Sophomore Isabel Amezcua has stepped in and stepped up early and often for NC State’s women’s golf team. The second-year golfer from Mexico City, Mexico saw significant playing time last year, appearing in all seven of the Pack’s major events. Amezcua impressed right away and ended the year with a 77.33 stroke average, which ended up as the second-best mark on the team.
As Latinx Heritage Month continues its celebration at NC State, Amezcua feels honored to be part of the 1,412 undergraduate students with Hispanic heritage.
“Being Mexican and representing my country wherever I go is just amazing,” Amezcua said. “I think being from this country has really shaped the way I am. It really defines why I am the way I am. And I am just always so proud to represent Mexico.”
Prior to her stint at NC State, Amezcua represented Mexico well, being rated as the fourth-best golfer in the Mexico Girls’ 16-18 Division. Right before the onset of the COVID-19 pandemic, Amezcua earned six top-three finishes in national and international tournaments in the 2019 season.
“I've been lucky enough as a golfer to travel internationally and still carry the Mexican flag wherever I am,” Amezcua said. “And even when I'm at a turn at a college tournament, I'm still representing the Pack and my country. And it just feels amazing being part of these two teams.”
Amezcua carried that dominance over to the Wolfpack, with one of her best showings coming in the Palmetto Intercollegiate where she notched a 73 in the second round, which remains her best performance in 18 holes. Amezcua also stood out at the Heroes Ladies Intercollegiate, where she put up scores of 76, 74 and 78, respectively, across three rounds.
The second-year golfer said getting to play against some of the best schools in the ACC carried significant weight, and she felt like she was playing for something greater than herself.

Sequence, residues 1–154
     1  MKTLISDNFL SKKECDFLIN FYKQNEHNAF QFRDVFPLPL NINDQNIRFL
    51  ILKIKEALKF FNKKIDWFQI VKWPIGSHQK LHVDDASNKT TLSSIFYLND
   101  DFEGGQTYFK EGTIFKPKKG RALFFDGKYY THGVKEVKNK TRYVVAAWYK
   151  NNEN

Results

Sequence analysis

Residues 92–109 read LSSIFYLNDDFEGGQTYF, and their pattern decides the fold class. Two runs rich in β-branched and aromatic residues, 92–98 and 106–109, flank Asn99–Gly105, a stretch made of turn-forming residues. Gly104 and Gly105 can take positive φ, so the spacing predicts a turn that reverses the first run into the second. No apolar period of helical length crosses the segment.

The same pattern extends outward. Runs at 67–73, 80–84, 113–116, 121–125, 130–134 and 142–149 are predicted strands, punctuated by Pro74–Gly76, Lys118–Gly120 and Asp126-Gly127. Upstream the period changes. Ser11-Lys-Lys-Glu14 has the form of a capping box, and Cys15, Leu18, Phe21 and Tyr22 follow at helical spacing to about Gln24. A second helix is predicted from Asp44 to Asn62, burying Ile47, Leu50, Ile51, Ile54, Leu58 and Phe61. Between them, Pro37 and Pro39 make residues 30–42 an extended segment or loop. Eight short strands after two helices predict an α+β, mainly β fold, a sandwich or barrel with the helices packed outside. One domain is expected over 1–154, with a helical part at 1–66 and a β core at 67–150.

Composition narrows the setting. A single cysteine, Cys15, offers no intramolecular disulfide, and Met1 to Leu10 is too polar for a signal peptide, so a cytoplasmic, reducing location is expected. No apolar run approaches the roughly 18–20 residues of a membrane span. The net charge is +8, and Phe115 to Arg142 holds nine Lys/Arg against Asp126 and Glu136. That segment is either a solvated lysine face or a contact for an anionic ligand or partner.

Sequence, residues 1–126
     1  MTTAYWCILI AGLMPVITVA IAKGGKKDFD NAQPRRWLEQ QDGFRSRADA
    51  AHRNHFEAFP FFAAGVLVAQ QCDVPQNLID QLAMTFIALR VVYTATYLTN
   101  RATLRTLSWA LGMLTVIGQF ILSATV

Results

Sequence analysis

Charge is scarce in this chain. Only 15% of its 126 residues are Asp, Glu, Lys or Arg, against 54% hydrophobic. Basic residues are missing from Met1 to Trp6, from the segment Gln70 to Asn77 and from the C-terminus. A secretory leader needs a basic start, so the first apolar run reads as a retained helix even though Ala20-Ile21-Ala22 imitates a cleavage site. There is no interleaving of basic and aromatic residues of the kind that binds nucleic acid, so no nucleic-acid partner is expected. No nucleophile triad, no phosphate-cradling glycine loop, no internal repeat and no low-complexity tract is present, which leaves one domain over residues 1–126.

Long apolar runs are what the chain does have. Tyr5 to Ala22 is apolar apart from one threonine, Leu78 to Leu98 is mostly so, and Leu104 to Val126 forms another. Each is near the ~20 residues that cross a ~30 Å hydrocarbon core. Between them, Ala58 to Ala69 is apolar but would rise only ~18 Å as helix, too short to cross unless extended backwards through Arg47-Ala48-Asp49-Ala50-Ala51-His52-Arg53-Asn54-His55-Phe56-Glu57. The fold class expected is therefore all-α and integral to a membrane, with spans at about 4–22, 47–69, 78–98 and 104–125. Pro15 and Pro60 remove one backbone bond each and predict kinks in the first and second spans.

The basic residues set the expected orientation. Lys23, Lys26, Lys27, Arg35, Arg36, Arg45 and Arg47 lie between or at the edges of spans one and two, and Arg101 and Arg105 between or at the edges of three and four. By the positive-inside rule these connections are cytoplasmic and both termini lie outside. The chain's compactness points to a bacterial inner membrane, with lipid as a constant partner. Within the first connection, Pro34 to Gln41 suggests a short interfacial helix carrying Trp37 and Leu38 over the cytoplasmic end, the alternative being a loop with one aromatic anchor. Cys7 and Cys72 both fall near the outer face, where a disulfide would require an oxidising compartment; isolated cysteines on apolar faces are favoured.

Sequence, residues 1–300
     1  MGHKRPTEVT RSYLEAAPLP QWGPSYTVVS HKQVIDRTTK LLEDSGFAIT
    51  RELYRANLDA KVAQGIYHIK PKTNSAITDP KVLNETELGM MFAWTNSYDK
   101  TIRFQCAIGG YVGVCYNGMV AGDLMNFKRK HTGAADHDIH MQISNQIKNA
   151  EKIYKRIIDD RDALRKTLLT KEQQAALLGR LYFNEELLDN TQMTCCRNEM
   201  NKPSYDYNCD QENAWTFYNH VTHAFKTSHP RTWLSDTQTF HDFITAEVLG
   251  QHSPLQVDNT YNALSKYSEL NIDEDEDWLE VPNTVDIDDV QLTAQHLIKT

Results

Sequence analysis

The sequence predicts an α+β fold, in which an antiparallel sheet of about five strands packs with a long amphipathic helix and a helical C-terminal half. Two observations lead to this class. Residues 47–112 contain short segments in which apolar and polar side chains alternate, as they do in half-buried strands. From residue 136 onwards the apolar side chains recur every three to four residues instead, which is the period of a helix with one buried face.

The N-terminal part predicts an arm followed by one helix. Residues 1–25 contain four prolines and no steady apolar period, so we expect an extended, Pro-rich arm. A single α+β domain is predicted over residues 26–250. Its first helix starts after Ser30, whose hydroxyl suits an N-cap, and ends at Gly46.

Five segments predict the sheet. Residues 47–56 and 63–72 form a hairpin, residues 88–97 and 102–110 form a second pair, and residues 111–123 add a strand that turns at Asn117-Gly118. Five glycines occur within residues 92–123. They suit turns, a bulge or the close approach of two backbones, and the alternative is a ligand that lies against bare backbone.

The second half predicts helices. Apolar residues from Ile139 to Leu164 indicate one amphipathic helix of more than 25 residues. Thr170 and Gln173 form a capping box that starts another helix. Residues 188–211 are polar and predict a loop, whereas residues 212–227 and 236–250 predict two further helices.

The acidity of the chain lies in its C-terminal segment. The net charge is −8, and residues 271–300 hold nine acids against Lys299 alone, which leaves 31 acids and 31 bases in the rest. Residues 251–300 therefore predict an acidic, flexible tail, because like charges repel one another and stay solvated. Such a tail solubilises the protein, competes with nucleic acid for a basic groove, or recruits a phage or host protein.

“I don’t want to say Mexico is a small country, but it is a small percentage of athletes who are successful and get to college,” Amezcua said. “It's just amazing, having the opportunity to be here and still represent Mexico.”
Though the decision to come to NC State wasn’t evident at first, Amezcua said coming to campus for the first time solidified her decision.
“[At] NC State, I've always gotten a sense of family,” Amezcua said. “Family's always been so important to me. And it just felt like home. I walked in, the coaches, the people, everyone was just so welcoming to me, to my culture. And of course, it helped knowing that more Mexicans are coming on the team. And there's an Argentine on the team, so that also just felt like home at the end.”
As for NC State’s efforts toward cultural acceptance, Amezcua said she felt respected by the University and appreciated the events it holds during Latinx Heritage Month.
“I think one of the best things I've seen was when it was the Mexican Independence Day, Talley was decorated as it would be back at home,” Amezcua said. “Just the little things. Also, being able to speak my differences, knowing that I will not be criticized for where I'm from, and [NC State] made sure that this is a welcoming environment for me to embrace my culture and not be afraid to show who I am and where I come from.”
Amezcua and the rest of the women’s golf team have a huge void to fill this season with the loss of Monika Vicario, who graduated the program last season after finishing tied for eighth place in the ACC Championships.
However, according to Amezcua, the Wolfpack is well equipped for the task, despite a less-than-stellar start to the season due to the familial aspects of the team. The Pack will get a chance to start its bounce-back campaign at Ruth’s Chris Tar Heel Invitational later this month.
“I think the best thing is just being welcoming,” Amezcua said. “And there's never been a problem with me being from Mexico. Everyone's just so open to different things, and they're willing to listen and go above and beyond to make you comfortable and make you feel at home.”